302371 INTEREST & NP 2G Flashcards

1
Q

On September 30, Oregano Co. borrowed \$500,000 on a 9% note payable. Oregano paid the first of four quarterly payments of \$132,100 when due on December 30. In its December 31 balance sheet, what amount should Oregano report as note payable?

\$367,900

\$120,850

\$379,150

\$255,580

2G

Question #302371

A

Under the effective interest method, interest is recorded on the carrying value of the debt. Payments on the note payable, unless otherwise stated, reflect both principal and interest. The balance on December 31 should be \$500,000 less the payment of principal made on December 30.

9/30 Balance \$500,000
Payment \$132,100
Interest* (11,250)
Principal reduction 120,850
12/31 Balance \$379,150
========
* \$500,000 × 9.0% × 3/12 months

2
Q

On September 30, Oregano Co. borrowed \$500,000 on a 9% note payable. Oregano paid the first of four quarterly payments of \$132,100 when due on December 30. In its December 31 balance sheet, what amount should Oregano report as note payable?

\$367,900

\$120,850

\$379,150

\$255,580

2G

Question #302371

A
3
Q

Interest

A

Interest is the charge for the use of money over time. It is the time value of money. Interest is the amount paid (or received) in excess of the amount borrowed (loaned). Interest is a financing expense (income) and is dependent on the interest rate, the principal amount, and the number of interest periods.

• Interest = Principal × Interest rate × Time periods
• Interest = Amount to be repaid - Amount received (loaned)

Simple interest: Interest is computed on the same principal amount each time period, regardless of the amount of interest accrued to date.

Compound interest: Interest is charged on the principal plus all interest previously accrued (interest computed on interest).

In macroeconomics, interest is a factor payment or factor income. It is a component of gross national product (GNP) (approximately 10%) and is used in the income approach to national income accounting. Interest includes payments received from banks on savings, from firms on loans, and other miscellaneous income.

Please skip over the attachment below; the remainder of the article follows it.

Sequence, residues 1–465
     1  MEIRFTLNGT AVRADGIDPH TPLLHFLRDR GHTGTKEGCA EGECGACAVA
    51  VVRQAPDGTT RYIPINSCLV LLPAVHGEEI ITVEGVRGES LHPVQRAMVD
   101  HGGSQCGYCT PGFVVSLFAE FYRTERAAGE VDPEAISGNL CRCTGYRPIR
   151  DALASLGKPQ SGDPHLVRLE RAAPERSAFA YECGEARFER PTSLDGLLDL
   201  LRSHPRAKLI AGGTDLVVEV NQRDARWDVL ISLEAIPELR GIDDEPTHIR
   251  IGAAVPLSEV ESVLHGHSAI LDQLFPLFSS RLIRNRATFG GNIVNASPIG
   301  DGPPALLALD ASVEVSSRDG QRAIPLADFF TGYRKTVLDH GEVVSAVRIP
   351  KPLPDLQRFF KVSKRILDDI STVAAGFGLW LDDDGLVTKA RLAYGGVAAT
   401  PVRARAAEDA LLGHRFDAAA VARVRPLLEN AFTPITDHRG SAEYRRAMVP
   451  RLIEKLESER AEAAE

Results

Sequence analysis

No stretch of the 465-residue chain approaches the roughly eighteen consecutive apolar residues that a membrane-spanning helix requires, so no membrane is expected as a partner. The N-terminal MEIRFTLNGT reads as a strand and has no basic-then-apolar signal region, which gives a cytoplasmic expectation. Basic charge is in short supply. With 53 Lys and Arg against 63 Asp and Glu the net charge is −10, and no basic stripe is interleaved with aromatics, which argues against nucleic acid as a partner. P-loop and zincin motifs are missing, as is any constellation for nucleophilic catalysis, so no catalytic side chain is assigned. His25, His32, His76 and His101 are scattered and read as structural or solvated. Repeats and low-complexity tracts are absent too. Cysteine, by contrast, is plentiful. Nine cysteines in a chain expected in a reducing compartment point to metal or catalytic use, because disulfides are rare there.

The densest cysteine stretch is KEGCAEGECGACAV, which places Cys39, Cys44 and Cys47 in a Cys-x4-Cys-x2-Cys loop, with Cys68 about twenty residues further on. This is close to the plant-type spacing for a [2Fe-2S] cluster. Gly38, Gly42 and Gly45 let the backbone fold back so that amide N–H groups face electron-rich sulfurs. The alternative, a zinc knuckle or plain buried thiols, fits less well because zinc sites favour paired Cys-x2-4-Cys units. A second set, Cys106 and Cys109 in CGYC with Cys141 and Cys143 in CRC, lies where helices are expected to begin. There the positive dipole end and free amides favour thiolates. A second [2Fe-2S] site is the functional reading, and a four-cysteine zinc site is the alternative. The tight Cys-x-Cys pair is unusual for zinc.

Interest is analogous to wages, rent, and profit as a component of factor payments or factor income.

4
Q

Notes Payable

A

A note payable is a contractual right to pay a certain sum of money on fixed or determinable dates at a fixed rate of interest. It is a formal and unconditional written agreement. Notes payable may be interest-bearing or noninterest-bearing; however, even “noninterest-bearing” notes have an interest element included in the face amount of the note.

5
Q

2271.01

A

Current liabilities represent obligations whose liquidation is expected to require the use of current assets or the creation of other current liabilities, and include the following:

a. Obligations for items that have entered into the operating cycle
b. Collections received in advance of the delivery of goods or performance of services
c. Debts arising from operations directly related to the operating cycle (e.g., accruals for wages, salaries, commissions, rentals, royalties, and income and other taxes)
d. Other liabilities whose regular and ordinary liquidation is expected to occur within one year or less (e.g., dividends payable, warranty payable, interest payable)

6
Q

Classification of Obligations That Are Callable by the Creditor

2271.02

A

Classification of Obligations That Are Callable by the Creditor

In addition to the liabilities defined above, current liabilities also include obligations that are due on demand or will be due on demand within one year (or operating cycle, if longer) from the balance sheet date. Current liabilities may also include long-term obligations that are or will be callable by the creditor because the debtor has violated a covenant in the debt agreement that either:

a. makes the obligation callable or
b. will make the obligation callable if the violation is not cured within a specified grace period.

If such a violation exists, the related debt must be classified as current unless either:

a. the creditor has waived or, subsequent to the violation, has lost the right to demand payment (e.g., because the violation has been cured) for more than one year (or operating cycle, if longer) from the balance sheet date or
b. it is probable that the violation will be cured within the specified grace period, if one exists.

7
Q

2281.01

A

Notes payable are liabilities that are formally recognized by a written promissory note. These notes most often occur when the company cannot pay short-term accounts payable or obligations for items that have entered into the operating cycle. In those instances, the company may sign an interest-bearing note to defer payment for a short time. These notes payable are usually short-term liabilities.

8
Q

2281.02

A

Short-term bank loan: A common way for a company to acquire temporary financing is to arrange a short-term bank loan. The company signs an interest-bearing promissory note.

Example: On February 1, 20X1, ABC Corp. borrows \$500,000 for United Bank by signing a six-month 8% promissory note. Interest is due upon maturity of the note.

February 1, 20X1:
Cash 500,000
Notes payable 500,000

August 1, 20X1:
Interest expense (\$500,000 x 8% x 6/12) 20,000
Notes payable 500,000
Cash 520,000

9
Q

2281.03

A

Credit line: A common method of acquiring short-term notes payable is a credit line. A credit line allows a company to borrow up to an arranged limit without using formal loan paperwork.

10
Q
A
11
Q
A